Mark Hughes Era At Stoke City Is Taking Shape
After the hope and excitement last Spring among Stoke City supporters that a quality manager would be hired to take the Potters to the next level, a feeling of being underwhelmed swept through supporters when the news was announced that Mark Hughes would be the club’s 38th manager. After the sad but necessary departure of Tony Pulis, the fans thought big. UEFA Champions League winners Rafael Benitez and Roberto Di Matteo were heavily linked, as was popular duo Gus Poyet and Gianfranco Zola. So when Hughes, whose recent record includes falling out with the owners at Fulham and causing irreversible damage at QPR, walked through the door, there was a natural sense of concern.
But I suspect many had forgotten how good a manager Hughes was. And in the short time that he’s been able to adjust to life ‘up north’ again, he has safely negotiated the first major hurdle. Stoke sit 12th in the Premier League and are progressing well, which is undoubtedly a very satisfactory result for a mid-table team going through the dreaded transition phrase. Beforehand, there was talk of Stoke getting too big for its boots after they got rid of Pulis and that they were genuine relegation candidates. So far, Hughes has responded to the task in an impressive fashion.
For those supporters who became attached to the strange ‘anti Hughes’ brigade that has existed for several years on the terraces and in the papers, words are beginning to be eaten and positivity is taking over. Many supporters had fallen out of love with the club towards the end of Pulis’s tenure, hence the slightly below-par attendance figures this season. However, Hughes is winning them back slowly but surely.
Initially the former Wales manager brought style despite keeping much of Pulis’s squad. He has kept what Pulis left him and describes the players as far more talented then what they were previously given credit for. The ball remained static to the floor and all players were encouraged to participate in the attacking phases. Full-backs were told to push forward while the midfielders were required to run beyond the centre-forward, a trait that would not have been seen under Pulis who always liked his central midfielders to remain solid and sit in ‘the cage’.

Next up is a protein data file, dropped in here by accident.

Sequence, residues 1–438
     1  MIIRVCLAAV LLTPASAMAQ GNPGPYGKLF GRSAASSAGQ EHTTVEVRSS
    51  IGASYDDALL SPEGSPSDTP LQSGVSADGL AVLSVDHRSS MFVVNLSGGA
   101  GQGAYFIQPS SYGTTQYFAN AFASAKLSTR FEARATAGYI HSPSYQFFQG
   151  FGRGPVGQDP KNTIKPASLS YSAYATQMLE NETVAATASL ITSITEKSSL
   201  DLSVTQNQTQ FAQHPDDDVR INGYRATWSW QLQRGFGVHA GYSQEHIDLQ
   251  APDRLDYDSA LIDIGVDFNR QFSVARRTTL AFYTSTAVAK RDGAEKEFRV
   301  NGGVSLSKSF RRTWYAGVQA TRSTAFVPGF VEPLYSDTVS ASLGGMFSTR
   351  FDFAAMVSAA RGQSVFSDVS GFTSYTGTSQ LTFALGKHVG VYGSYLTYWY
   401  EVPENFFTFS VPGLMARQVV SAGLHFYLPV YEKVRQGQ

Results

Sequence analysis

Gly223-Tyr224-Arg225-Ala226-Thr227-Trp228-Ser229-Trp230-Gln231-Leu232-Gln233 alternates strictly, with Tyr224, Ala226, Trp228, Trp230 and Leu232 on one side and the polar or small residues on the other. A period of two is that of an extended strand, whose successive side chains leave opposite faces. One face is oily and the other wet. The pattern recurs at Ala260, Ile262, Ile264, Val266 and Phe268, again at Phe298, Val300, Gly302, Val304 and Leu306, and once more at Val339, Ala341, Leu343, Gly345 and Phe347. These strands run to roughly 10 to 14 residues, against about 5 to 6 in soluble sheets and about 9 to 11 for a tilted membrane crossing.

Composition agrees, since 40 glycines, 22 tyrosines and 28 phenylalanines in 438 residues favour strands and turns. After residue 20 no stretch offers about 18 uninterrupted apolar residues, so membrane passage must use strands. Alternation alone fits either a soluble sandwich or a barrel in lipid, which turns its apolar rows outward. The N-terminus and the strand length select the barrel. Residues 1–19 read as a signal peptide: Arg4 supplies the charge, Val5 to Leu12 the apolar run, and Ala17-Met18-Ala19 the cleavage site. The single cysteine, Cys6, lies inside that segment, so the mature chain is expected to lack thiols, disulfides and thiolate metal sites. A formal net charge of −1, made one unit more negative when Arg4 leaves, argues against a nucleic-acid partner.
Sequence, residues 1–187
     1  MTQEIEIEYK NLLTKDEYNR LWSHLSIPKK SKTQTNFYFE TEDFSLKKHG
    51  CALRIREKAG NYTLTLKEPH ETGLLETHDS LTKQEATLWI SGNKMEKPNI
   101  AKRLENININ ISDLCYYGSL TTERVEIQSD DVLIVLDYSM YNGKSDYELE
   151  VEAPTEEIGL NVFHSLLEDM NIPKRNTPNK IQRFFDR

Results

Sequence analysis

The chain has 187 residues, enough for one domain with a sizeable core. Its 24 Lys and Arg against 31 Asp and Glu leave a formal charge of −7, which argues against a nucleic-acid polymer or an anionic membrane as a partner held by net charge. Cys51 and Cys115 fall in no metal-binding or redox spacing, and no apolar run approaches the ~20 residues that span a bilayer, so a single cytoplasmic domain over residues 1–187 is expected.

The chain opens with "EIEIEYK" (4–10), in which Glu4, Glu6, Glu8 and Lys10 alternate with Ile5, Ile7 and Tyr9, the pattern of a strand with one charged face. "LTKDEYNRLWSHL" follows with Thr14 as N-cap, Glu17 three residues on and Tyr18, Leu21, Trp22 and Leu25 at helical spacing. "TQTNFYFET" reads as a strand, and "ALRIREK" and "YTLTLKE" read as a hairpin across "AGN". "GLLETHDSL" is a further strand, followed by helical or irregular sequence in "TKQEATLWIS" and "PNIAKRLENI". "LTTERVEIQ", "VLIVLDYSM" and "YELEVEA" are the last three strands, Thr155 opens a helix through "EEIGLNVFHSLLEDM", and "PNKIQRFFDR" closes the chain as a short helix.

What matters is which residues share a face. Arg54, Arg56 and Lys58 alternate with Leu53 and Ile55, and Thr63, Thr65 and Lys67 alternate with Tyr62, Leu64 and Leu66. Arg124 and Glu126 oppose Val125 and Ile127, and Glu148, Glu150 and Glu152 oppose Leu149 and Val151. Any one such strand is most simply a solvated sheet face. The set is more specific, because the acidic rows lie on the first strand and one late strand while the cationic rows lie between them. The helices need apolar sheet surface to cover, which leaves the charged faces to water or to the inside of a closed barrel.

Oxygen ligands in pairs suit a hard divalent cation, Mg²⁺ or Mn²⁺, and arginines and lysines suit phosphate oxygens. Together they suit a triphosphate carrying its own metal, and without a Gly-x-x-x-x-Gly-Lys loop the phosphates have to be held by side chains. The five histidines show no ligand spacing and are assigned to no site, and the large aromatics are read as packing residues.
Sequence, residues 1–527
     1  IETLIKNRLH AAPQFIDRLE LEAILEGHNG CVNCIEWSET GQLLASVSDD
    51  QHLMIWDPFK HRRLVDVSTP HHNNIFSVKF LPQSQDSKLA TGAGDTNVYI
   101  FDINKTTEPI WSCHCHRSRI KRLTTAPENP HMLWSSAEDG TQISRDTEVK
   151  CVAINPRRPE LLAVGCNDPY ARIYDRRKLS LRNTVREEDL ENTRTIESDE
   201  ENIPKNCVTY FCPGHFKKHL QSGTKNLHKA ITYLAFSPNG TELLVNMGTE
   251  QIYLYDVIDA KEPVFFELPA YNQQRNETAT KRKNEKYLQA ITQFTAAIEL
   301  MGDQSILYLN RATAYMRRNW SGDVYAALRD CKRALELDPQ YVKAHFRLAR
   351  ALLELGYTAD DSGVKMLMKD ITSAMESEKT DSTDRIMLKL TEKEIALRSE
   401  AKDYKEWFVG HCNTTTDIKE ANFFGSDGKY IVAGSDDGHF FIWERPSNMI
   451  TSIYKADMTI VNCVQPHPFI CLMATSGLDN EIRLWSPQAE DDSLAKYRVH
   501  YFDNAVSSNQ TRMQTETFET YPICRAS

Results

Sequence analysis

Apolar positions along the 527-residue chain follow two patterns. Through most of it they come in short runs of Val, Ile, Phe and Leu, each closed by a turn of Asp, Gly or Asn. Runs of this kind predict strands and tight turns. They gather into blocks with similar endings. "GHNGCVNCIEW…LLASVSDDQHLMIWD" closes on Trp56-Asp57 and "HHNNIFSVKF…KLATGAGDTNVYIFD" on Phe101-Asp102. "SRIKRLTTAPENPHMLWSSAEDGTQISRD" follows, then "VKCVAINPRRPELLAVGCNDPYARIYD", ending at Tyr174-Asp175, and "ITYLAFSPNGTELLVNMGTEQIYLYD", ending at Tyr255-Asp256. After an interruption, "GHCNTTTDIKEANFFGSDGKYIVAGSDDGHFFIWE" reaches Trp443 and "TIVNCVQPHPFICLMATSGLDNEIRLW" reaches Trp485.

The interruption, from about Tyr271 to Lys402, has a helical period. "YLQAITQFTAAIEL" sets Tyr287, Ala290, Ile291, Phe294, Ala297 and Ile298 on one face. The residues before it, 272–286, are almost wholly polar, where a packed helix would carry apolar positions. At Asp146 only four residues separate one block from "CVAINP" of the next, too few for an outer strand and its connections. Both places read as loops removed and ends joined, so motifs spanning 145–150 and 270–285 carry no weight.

Oussama Assaidi has been a revelation on the left wing, adding pace and creativity to an otherwise static forward line, while also adding some vital and spectacular goals since his introduction in December. Charlie Adam has excelled in recent weeks in the number ten position that has taken on great significance under Hughes. His display and goal against Manchester United was excellent, and he is quashing rumours that surround his long-term place. Geoff Cameron looks a fine right-back who is a great threat when he gallops forward, and Ryan Shawcross looks the complete defender now he is comfortable on the ball. Even Austrian bad boy Marko Arnautovic is finding his feet.
This has all been helped by some thrilling performances this season. The 3-2 victory over Chelsea, 2-1 win over Manchester Unittd and 1-0 recent success against Arsenal have regained the fans’ confidence, while performances away at West Ham and Swansea have been refreshing. There has been a clear ethos and the fans have bought into it. They are becoming optimistic again under Hughes although appreciative of the size of the task he has. Following on from arguably the best manager in the club’s history is as difficult as any job out there at the moment but Hughes has relished it and the players have embraced the task.
Although exciting, the new ways did bring with it a soft underbelly. Leads would evaporate, like in the 3-3 draw at Swansea. The return to the side of Peter Crouch and Glenn Whelan has added more steel and, despite goals flying in left, right and center at times, Stoke defensively have improved too.
There are still areas that need to be addressed. It is clear that they are crying out for the right type of striker — one who will run in behind and stretch defenses, creating the space for Adam and Assaidi to play. This could be the biggest barrier to safety because despite Crouch’s good form, he isn’t tuned to this new system. A ball winning, tough midfielder is also required and defensive cover too.
But for now, Hughes has found the right blend of style and substance that Pulis was criticized for never quite achieving. After the stagnation of the previous 18 months, the Hughes era has breathed fresh air into this vibrant football club. There is a long way to go and several players to sign before he can get his vision for the side in full working order but so far so good for an unpopular manager who is starting to patch up his mangled reputation.